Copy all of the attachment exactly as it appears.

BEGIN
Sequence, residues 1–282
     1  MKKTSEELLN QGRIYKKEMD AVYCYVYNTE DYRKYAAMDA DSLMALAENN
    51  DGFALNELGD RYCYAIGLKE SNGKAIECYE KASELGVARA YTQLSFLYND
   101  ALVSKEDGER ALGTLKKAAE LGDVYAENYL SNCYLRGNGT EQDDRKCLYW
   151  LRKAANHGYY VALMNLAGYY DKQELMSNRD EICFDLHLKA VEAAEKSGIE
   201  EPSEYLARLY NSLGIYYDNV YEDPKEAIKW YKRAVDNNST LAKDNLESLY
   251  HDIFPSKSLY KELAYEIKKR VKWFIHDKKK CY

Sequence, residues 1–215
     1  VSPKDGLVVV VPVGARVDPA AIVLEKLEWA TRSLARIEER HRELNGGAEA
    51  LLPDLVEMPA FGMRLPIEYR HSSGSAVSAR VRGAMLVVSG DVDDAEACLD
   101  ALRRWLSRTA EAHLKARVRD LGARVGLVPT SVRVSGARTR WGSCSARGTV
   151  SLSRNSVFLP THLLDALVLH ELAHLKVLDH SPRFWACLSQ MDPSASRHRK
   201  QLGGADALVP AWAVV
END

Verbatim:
Sequence, residues 1–282
     1  MKKTSEELLN QGRIYKKEMD AVYCYVYNTE DYRKYAAMDA DSLMALAENN
    51  DGFALNELGD RYCYAIGLKE SNGKAIECYE KASELGVARA YTQLSFLYND
   101  ALVSKEDGER ALGTLKKAAE LGDVYAENYL SNCYLRGNGT EQDDRKCLYW
   151  LRKAANHGYY VALMNLAGYY DKQELMSNRD EICFDLHLKA VEAAEKSGIE
   201  EPSEYLARLY NSLGIYYDNV YEDPKEAIKW YKRAVDNNST LAKDNLESLY
   251  HDIFPSKSLY KELAYEIKKR VKWFIHDKKK CY

Sequence, residues 1–215
     1  VSPKDGLVVV VPVGARVDPA AIVLEKLEWA TRSLARIEER HRELNGGAEA
    51  LLPDLVEMPA FGMRLPIEYR HSSGSAVSAR VRGAMLVVSG DVDDAEACLD
   101  ALRRWLSRTA EAHLKARVRD LGARVGLVPT SVRVSGARTR WGSCSARGTV
   151  SLSRNSVFLP THLLDALVLH ELAHLKVLDH SPRFWACLSQ MDPSASRHRK
   201  QLGGADALVP AWAVV